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Navigating the Transition from High School to University

Posted by Capstone Editing on 17 April 2017

Navigating the Transition from High School to University

There’s no doubt that beginning university is an exciting time. If you’re an undergraduate straight out of high school, university may be a gateway to your chosen career path or a place for you to work out what you want to do.

Amid the eagerness and anticipation, it can also be an overwhelming time for many students. You’ve gone from being at the top of the student hierarchy in high school to a nobody among the crowds. Here’s our best advice for navigating the new world of university.

Attend O-Week

‘O-Week’ or Orientation Week is designed to aid the university transition for newly enrolled students. Most campuses have week-long programs that include social activities, tours of campus, information sessions and events run by campus clubs and societies.

Current students are often designated to facilitate the events; for this reason, O-Week is a great opportunity to get your bearings and meet some people before the real work starts.

Plan Your Time

Unlike high school, your lecturers will not dictate how much study you should do each week. At the beginning of each course, you’ll be issued with an course outline or guide (sometimes referred to as a course program or tutorial guide) that gives you a clear indication of how much time you should be spending on your coursework; however, very few lecturers will request weekly submissions of homework. And unlike high school, your parents won’t be called if you fail to submit your homework!

This new freedom is liberating, but be careful that it doesn’t all go to your head. If your name is on the enrolment form, you are the person responsible for your education. Dedicate sufficient time to study, as well as socialising.

Join a study group if you need some accountability. Find a study location that give you the best chance for productivity, such as a quiet place on the grounds or the campus library.

Ensure you attend compulsory lectures and tutorials. Find out how many absences are permitted each semester and don’t exceed that limit because it may jeopardise your completion of that unit. Repeating a university course doesn’t just delay your graduation; it can become a very costly exercise!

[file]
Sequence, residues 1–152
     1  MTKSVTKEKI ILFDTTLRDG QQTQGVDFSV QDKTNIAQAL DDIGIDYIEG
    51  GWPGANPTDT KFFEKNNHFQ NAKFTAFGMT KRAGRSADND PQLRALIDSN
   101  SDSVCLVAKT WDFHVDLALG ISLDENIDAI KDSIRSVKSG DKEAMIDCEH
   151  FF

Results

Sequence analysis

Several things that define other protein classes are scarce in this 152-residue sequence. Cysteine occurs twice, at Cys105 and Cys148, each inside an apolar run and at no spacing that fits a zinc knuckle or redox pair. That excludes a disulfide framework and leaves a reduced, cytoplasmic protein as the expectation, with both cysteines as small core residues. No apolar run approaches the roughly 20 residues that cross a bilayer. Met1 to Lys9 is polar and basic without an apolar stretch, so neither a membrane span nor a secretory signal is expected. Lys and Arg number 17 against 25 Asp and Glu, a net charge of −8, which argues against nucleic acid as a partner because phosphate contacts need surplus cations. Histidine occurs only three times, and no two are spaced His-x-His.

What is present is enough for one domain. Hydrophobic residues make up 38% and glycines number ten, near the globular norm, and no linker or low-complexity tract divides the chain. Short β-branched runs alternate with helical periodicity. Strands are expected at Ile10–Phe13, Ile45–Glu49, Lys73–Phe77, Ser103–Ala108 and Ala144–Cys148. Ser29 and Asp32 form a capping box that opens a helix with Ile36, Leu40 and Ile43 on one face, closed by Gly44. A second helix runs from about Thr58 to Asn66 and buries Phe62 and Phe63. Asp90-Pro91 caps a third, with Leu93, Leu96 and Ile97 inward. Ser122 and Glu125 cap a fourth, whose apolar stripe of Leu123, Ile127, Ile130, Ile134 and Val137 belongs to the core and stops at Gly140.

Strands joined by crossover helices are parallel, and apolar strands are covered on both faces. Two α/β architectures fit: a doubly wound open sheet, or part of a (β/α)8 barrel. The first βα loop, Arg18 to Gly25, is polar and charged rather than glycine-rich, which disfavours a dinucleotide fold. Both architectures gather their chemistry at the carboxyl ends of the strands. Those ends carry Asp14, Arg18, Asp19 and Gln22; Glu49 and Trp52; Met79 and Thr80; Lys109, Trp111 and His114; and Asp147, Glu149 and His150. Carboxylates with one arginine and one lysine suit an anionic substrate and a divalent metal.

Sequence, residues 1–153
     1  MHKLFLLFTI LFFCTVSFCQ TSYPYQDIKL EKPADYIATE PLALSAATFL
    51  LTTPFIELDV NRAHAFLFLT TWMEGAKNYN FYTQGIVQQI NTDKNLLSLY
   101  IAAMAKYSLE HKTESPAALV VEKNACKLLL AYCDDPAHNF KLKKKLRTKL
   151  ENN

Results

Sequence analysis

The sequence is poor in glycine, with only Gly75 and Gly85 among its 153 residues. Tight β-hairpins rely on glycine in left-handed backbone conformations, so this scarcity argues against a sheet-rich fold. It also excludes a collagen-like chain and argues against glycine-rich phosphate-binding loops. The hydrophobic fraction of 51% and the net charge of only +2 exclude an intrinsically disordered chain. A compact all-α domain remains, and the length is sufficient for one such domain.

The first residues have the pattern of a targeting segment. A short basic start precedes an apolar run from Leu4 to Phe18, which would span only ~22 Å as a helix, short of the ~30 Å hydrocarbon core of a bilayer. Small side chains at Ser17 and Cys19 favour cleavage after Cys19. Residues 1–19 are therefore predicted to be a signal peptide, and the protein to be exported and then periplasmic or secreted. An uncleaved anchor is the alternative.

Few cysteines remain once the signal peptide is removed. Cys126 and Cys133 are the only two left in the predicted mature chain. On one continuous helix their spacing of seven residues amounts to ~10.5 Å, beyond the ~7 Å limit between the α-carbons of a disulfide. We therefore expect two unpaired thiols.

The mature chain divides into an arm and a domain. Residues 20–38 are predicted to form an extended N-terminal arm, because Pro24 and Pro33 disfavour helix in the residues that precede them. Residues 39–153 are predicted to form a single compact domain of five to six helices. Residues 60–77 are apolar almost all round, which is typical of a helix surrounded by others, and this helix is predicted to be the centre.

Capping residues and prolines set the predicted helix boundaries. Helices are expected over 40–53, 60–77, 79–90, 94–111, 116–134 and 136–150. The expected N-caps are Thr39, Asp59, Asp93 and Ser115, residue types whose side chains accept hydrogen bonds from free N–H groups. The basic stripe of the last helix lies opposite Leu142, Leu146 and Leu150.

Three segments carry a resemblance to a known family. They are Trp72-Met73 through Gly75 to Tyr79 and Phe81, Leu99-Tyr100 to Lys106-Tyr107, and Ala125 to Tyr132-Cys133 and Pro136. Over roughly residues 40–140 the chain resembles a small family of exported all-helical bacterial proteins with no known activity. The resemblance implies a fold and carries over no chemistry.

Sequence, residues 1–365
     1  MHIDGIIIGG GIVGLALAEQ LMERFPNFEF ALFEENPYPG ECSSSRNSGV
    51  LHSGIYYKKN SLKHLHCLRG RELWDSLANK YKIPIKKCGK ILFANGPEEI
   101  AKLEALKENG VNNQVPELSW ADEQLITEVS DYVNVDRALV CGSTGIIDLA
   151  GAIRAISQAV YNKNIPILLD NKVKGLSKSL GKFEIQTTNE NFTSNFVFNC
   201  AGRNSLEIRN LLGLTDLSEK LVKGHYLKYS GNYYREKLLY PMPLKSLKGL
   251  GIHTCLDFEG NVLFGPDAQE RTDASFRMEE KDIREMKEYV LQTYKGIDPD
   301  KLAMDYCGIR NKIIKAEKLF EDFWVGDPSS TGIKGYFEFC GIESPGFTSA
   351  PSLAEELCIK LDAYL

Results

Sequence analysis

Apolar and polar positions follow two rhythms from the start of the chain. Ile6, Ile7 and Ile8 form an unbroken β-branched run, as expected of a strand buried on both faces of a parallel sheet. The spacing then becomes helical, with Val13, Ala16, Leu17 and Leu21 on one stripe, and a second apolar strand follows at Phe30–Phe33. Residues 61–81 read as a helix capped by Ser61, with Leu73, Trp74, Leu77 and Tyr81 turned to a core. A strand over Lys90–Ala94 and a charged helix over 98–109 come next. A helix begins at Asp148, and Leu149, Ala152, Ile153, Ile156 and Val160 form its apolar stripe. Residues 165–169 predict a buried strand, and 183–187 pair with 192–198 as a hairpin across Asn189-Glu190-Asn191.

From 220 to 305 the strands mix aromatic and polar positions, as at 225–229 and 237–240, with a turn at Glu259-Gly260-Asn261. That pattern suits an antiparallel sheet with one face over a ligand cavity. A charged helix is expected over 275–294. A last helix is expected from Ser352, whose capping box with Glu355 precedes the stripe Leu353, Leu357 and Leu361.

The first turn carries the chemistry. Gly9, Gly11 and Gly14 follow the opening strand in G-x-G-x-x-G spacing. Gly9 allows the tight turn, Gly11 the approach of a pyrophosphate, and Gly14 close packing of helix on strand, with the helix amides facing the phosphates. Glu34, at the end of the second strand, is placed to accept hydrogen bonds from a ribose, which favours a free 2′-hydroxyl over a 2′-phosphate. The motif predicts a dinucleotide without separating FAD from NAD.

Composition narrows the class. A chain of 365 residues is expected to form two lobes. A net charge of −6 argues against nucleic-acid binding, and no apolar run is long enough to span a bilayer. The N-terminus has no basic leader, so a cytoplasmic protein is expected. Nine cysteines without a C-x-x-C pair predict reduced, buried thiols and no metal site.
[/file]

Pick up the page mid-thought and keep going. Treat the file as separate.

Don’t be Afraid to Ask for Help

Gone are the days when your teacher will wander around the classroom to check that you’re underway on your assignment.

You’ll soon find yourself sardined into lecture theatres that contain hundreds of other students. You may never have a face-to-face conversation with your lecturer, unless you initiate it, since your tutorials are most likely to be run by tutors, not your lecturer.

So, be proactive! It’s important that you seek help if you need it. Ask the library staff how to reserve books, attend free information sessions (such as workshops on essay writing or referencing) run by your university’s learning and teaching centre, familiarise yourself with essential services (such as IT support, student services and amenities), join social groups and meet people.

No One Asks about Your ATAR

It’s true. Although a lot of your energy has been focused towards attaining that magical number, few (if any) people will ask you about it.

For this reason, university is a great opportunity to reinvent yourself and start anew. Embrace this new season of your life. Your university days are just beginning, but be warned: they are fleeting.

Feel free to continue the conversation in the comments section below. What advice would you offer to a student making the transition from high school to university?

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Navigating the Transition from High School to University